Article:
The overall objective of this project is to produce, validate and distribute a global land surface climate data record (CDR) using a combination of mature and tested algorithms and the best available polar-orbiting satellite data from 1981-2009 which can be extended into the NPOESS era. The data record consists of one fundamental climate data record (FCDR), the surface reflectance product. Two Thematic CDR’s (TCDRs) are also derived from the FCDR, the normalized difference vegetation index (VI) and LAI/fAPAR. These two products are used extensively for climate change research and are listed as Essential Climate Variables (ECVs) by GCOS. In addition, these products are used in a number of applications with long-term societal benefit. The two TCDRs are used to assess the performance of the FCDR through a rigorous validation program and provide feedback on requirements for the Surface Reflectance FCDR.
The record uses the best available data, addressing the dynamic data continuity of the input observations, which are primarily from the AVHRR and MODIS with differing spatial resolutions 4km GAC (1981–2009), 1km HRPT and LAC (1992–1998), 250m to 1km MODIS (2000-2009). A gap in the data record from these two instruments for the 1999-2000 is filled using a SPOT VEGETATION surface reflectance product (1km) generated by European GEOLAND2 project. The resulting product is a consistent climate data record of the Land surface from 1981 to 2009.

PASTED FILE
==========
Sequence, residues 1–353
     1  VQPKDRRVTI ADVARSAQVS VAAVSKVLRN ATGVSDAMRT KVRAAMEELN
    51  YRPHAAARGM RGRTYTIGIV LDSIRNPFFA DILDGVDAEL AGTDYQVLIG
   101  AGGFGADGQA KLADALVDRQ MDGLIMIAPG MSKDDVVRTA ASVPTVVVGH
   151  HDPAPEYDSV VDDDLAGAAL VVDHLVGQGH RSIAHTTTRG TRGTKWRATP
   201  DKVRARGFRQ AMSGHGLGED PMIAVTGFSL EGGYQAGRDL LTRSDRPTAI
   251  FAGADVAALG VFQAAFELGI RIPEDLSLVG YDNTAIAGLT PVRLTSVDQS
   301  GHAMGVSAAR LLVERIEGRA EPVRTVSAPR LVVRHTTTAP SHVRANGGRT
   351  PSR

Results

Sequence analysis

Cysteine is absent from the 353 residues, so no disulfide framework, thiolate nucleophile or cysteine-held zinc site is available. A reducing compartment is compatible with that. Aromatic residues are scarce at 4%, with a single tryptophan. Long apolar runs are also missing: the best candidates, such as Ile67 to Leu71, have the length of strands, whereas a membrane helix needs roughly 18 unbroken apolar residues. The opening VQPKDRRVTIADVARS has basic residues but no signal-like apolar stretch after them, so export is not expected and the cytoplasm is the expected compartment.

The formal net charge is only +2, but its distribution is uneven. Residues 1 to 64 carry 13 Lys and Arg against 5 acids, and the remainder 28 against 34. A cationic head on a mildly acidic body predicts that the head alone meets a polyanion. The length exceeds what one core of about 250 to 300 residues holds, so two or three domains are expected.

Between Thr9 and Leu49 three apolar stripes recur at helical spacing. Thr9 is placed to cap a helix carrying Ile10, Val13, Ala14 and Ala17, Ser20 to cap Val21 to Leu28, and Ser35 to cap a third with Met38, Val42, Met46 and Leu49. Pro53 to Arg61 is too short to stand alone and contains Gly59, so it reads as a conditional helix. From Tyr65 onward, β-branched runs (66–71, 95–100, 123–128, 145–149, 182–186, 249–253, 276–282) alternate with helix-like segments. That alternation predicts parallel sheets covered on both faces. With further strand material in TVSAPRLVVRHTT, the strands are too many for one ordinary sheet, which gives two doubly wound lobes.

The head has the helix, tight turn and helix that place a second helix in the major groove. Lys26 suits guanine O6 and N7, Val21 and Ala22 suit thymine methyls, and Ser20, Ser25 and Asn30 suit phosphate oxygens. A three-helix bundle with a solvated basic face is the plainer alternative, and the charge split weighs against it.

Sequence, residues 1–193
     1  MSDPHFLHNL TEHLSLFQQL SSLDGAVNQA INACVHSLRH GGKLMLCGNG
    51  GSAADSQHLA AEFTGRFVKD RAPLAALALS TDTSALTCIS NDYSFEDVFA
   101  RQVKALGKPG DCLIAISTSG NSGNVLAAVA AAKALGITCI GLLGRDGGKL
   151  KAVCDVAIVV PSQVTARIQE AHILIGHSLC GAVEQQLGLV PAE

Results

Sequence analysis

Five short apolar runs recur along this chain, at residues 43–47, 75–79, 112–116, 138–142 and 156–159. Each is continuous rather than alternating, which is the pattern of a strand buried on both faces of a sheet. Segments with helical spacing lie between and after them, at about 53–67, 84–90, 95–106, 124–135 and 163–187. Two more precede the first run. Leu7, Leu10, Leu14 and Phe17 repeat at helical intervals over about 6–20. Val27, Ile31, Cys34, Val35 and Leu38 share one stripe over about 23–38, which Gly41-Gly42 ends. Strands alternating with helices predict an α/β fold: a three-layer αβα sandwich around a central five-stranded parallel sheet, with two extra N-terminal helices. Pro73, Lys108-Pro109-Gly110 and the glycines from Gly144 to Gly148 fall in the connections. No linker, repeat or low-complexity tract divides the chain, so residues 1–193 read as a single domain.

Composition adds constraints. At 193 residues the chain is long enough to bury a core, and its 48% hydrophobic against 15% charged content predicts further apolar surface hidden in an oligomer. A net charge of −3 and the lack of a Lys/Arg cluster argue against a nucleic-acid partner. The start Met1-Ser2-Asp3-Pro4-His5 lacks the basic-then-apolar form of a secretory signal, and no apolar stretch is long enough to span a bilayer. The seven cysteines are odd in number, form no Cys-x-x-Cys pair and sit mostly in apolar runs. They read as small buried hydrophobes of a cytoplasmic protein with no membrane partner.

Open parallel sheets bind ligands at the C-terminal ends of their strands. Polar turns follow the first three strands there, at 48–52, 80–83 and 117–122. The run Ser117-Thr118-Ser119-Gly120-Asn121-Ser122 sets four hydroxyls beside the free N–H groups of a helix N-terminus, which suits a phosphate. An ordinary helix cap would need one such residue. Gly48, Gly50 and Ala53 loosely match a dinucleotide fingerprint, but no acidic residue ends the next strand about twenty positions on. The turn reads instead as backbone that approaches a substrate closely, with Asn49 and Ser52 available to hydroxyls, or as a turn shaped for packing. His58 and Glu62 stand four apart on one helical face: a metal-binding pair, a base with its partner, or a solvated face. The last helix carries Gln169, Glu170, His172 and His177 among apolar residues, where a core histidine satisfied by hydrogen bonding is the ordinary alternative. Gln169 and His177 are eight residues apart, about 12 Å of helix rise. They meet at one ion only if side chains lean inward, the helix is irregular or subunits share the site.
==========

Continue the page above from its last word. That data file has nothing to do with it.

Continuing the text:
The experience of the team in producing high quality coarse resolution land datasets through the use of physically based methods for calibration, geolocation and atmospheric correction is unparalleled. The multi-agency composition of the team helped in the process of building a broad community consensus for the FCDR. The availability of the MODIS and AERONET record for intercomparison and the reuse of the MODIS Processing and Quality Assurance approaches are key to producing a long-term data record from AVHRR and MODIS. Special attention was paid to product validation and developing realistic uncertainties needed for optimal exploitation of TCDRs. The validation was linked to and benefited from previous and on-going international validation activities of the CEOS Land Product Validation Working Group. The data distribution was undertaken by the MODAPS group at NASA GSFC utilizing the Land and Atmospheres Archive and Distribution System (LAADS).
This proposal built on the investigators’ experience in developing long-term land data records under the NASA REASON LTDR project, which provides the mechanisms for adaptation of peer-reviewed algorithms, the product generation, distribution, validation and quality control of the Climate Data Record.